In an interview with Eat North, Berg insisted she loved the process of creating her first cookbook, but admitted to some initial trepidation. "I was nervous going into it," confessed Berg, explaining she anticipated a "lonely" process that would see her all by herself, "toiling away over a stove with no one to talk to" while she put the book together. However, she was pleased to discover "it turned out to be pretty much the exact opposite."

According to Berg, developing recipes, whether it's for a cookbook or a TV show, isn't as solitary a pursuit as she expected. While she did indeed work away in the kitchen during the day, she was then joined by her husband and sister-in-law in the evening, "and we all just kind of dig in together and they rip my food apart, which is actually a lot more fun than it sounds."

Having her own TV show is 'the most bonkers bananas thing' she could ever imagine

While a career in television was something Mary Berg had never imagined for herself, the same can be said of her pre-fame job as an insurance broker. That vocation, she told CBC Radio, was something she "kind of fell into," and wasn't really where she wanted to be. "What I had wanted to do was work in archives," Berg divulged, "which is arguably the exact opposite of what I find myself doing now."

Interviewed by the alumni magazine of her alma mater, Wilfred Laurier University, Berg admitted that suddenly finding herself in front of television cameras, starring in her own cooking show, was "pretty much the most bonkers bananas thing I could ever imagine." While she sometimes finds her new life as a TV star to be "surreal," she also expressed how much she enjoys the entire production process of putting together each episode.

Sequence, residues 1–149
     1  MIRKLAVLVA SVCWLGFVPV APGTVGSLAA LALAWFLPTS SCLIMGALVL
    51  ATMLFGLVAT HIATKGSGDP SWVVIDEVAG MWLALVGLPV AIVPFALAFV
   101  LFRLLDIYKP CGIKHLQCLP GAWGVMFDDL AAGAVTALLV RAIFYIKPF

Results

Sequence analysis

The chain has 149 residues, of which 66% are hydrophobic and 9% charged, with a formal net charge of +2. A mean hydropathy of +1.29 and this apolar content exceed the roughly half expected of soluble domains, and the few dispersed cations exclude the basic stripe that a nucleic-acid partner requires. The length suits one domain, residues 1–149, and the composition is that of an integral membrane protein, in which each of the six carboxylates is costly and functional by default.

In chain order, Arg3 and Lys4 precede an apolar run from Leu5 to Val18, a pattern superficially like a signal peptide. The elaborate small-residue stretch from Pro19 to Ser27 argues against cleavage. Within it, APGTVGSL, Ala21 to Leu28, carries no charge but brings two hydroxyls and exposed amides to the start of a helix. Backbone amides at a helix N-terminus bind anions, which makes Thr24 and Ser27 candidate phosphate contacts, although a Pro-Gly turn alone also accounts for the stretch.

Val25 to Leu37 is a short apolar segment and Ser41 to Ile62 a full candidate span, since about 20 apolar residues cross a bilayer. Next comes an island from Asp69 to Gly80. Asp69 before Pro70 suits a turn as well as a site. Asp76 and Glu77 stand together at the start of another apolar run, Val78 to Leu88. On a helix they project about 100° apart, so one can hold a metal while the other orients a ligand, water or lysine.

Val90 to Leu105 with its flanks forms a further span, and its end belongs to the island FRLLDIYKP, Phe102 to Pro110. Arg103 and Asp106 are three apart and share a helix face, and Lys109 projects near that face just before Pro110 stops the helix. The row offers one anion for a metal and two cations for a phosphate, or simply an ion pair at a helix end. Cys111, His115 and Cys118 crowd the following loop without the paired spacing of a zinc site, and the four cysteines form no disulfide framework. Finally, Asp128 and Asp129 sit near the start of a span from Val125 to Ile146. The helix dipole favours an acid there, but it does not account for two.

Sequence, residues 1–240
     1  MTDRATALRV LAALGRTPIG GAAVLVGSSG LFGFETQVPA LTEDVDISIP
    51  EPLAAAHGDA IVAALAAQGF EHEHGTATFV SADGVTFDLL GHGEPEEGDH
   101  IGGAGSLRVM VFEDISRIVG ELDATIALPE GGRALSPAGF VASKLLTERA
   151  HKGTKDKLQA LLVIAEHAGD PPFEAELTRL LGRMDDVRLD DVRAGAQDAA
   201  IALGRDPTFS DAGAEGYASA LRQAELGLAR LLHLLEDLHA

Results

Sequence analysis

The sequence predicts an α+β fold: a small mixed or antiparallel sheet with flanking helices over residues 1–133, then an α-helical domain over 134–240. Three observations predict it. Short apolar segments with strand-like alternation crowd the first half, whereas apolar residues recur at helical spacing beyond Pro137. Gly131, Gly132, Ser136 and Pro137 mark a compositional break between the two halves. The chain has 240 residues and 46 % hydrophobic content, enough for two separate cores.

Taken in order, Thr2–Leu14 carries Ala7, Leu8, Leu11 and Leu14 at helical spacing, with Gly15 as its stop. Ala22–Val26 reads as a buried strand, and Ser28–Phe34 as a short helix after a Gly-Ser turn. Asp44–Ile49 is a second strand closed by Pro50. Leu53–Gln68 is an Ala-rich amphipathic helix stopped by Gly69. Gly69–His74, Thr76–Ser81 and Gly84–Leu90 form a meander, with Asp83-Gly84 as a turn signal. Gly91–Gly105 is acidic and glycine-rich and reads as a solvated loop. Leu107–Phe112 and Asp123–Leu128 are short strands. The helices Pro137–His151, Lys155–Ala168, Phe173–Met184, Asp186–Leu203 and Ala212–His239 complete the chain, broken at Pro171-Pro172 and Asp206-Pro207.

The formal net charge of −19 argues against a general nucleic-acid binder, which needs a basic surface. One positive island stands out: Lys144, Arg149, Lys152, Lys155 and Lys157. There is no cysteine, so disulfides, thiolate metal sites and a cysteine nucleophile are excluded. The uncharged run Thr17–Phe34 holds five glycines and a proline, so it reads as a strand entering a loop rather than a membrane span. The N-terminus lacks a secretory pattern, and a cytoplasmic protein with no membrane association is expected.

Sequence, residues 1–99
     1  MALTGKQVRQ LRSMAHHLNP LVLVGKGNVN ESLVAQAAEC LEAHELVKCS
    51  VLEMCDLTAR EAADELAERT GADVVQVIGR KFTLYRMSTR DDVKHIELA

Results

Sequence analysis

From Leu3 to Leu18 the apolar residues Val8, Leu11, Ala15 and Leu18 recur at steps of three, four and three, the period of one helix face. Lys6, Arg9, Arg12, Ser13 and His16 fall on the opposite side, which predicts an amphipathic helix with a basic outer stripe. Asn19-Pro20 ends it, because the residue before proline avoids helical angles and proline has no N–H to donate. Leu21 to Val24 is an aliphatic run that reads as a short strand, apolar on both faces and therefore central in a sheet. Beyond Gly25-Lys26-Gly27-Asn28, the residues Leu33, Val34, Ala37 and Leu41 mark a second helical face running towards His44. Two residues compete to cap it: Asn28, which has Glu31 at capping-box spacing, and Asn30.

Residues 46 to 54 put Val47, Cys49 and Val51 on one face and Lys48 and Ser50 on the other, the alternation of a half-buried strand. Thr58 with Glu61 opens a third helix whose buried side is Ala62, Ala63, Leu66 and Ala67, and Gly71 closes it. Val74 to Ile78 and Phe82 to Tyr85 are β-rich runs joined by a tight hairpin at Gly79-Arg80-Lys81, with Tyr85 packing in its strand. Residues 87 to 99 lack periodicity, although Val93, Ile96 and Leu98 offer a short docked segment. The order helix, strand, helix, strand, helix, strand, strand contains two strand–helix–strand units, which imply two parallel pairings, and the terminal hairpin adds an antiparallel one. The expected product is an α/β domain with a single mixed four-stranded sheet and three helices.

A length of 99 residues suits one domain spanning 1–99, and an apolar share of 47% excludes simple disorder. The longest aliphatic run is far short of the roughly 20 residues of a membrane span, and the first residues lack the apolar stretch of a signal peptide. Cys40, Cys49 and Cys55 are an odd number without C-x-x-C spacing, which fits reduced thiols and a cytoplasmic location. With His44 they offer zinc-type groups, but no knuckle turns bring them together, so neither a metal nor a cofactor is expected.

Interestingly enough, because cooking had always been Berg's way to "relax and unwind," she found herself without a hobby now that cooking had become her career. To fill the void, she revealed, she'd taken up bird watching. "Very cool, I know," she quipped. 

Mary Berg likes to keep her recipes simple

When it comes to creating her signature recipes, Mary Berg isn't trying to dazzle or intimidate. "Food has emotion and I look for good, honest food," she explained in an interview with St. Albert Today. "I don't like too many ingredients." In fact, one of her favorite aspects about being a TV cooking host is that she can share her knowledge in an easy-to-digest manner. "I like to demystify cooking for people," she added.